2:15 p.m. UPDATE:
LITTLE ROCK — The Arkansas House and Senate approved identical bills Wednesday that would make it harder to perpetuate complaints against farms that need permits to retain then dispose of liquid animal waste.
Under the proposals, third parties wouldn't be able to raise complaints after a comment period if the farm remains in "good standing" with state regulators. Opponents fear an inability to remedy potential problems, and a state senator said it could establish a precedent of regulators ending public input on other matters.
"We don't want to do anything that will result in an unintended consequence," said Sen. David Sanders, R-Little Rock.
The House approved the bill on a 73-6 vote, and the Senate approved its version 21-7. Only one version needs to pass for the matter to go to Gov. Asa Hutchinson. Final votes are expected Thursday as lawmakers try to wrap up a special session.
The bill's House sponsor, Rep. Jeff Wardlaw, has routinely prefaced his remarks by saying the proposal didn't pertain to the C&H Hog Farm, which since 2012 has been authorized to hold 6,503 pigs near a tributary of the Buffalo National River.
Environmentalists concerned about potential manure runoff fear a new law might undermine their fight against C&H. Wardlaw said making a law out of current Arkansas Department of Environmental Quality practice would also benefit bankers concerned about ongoing challenges.
"We are not changing the public comment period. This outlines that, once this takes place, they are not subject to more lawsuits for new reasons," Wardlaw said.
Michael McAlister, the managing attorney for ADEQ, said the proposal doesn't weaken any environmental standards. "Depending on the circumstances and what you propose, you would have to meet the necessary requirements," he said.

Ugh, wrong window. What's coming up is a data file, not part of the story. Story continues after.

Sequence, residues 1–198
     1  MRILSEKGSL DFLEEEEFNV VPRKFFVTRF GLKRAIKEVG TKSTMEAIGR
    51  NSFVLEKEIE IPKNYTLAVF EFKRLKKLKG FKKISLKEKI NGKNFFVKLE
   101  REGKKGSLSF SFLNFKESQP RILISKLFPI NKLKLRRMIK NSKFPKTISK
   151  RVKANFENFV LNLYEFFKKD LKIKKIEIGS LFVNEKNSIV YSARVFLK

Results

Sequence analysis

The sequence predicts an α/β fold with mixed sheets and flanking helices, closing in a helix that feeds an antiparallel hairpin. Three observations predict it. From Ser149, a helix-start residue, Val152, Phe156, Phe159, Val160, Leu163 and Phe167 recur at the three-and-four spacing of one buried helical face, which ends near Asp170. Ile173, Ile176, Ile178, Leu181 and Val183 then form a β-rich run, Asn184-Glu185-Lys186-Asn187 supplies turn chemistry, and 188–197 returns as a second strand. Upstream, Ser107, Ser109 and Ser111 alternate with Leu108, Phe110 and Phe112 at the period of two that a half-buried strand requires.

State regulators rejected a C&H permit application in January as the farm sought to change from one type of permit to another. The farm continues to operate while it appeals the rejection.
ADEQ said Wednesday that 159 farms hold liquid waste permits like that sought by C&H. The Arkansas Pork Producers Association said the law would help its members in case there are future complaints.
"It gives some clarification to our current producers that someone cannot come in and sue them for what they have already been in business for," said Jerry Masters, the association's executive director.
In its application to the state, C&H estimated its lagoons would hold about 2.337 million gallons of waste — the equivalent of about 5.4 feet (1.6 meters) of waste atop a standard American football field.
— The Associated Press
Read Thursday's Arkansas Democrat-Gazette for full details.
11:30 a.m. UPDATE
The Arkansas House has approved a bill that designates when and for how long third-parties can protest against farms that require liquid animal waste permits.
The chamber OK'd the measure Wednesday on a 73-6 vote and sent it to the Senate, which earlier in the day saw a committee approve an identical version of the bill.
Farmers say state law should spell out that, if state regulators grant a waste permit, others shouldn't be able to mount continuous challenges. The bill's supporters say the proposal would give banks a certain peace of mind if they know their clients aren't being sued often.
Arkansas legislators are meeting in a special session that started Tuesday. Gov. Asa Hutchinson also asked them to look at reimbursement rates for prescription drugs, and other matters.
— The Associated Press
10:23 a.m. UPDATE
An Arkansas Senate committee approved with little dissent Wednesday a bill that would ensure limitations to what the public can say and when on existing state animal farm permits.
The Senate Public Health, Welfare and Labor Committee approved by a voice vote Senate Bill 8, a parallel bill to House Bill 1007 passed Tuesday. Sponsors said the bill would put in writing a process already practiced by the Arkansas Department of Environmental Quality to only accept public comments on permit modification requests that are related to the specific proposed modifications.
Supporters said the bill would reassure farmers and bankers who lend to them, who are concerned that farmers could be subject to challenges after being permitted. Supports said concerns arose following the department’s denial of a new permit to C&H Hog Farms, a large concentrated animal feeding operation located on Big Creek in Newton County, about 6 miles from where the creek flows into the Buffalo National River.
Sen. David Sanders, R-Little Rock, was the only dissenting vote, arguing that he didn’t think the Legislature should establish a precedent of passing laws to curb third-party public comments.
— Emily Walkenhorst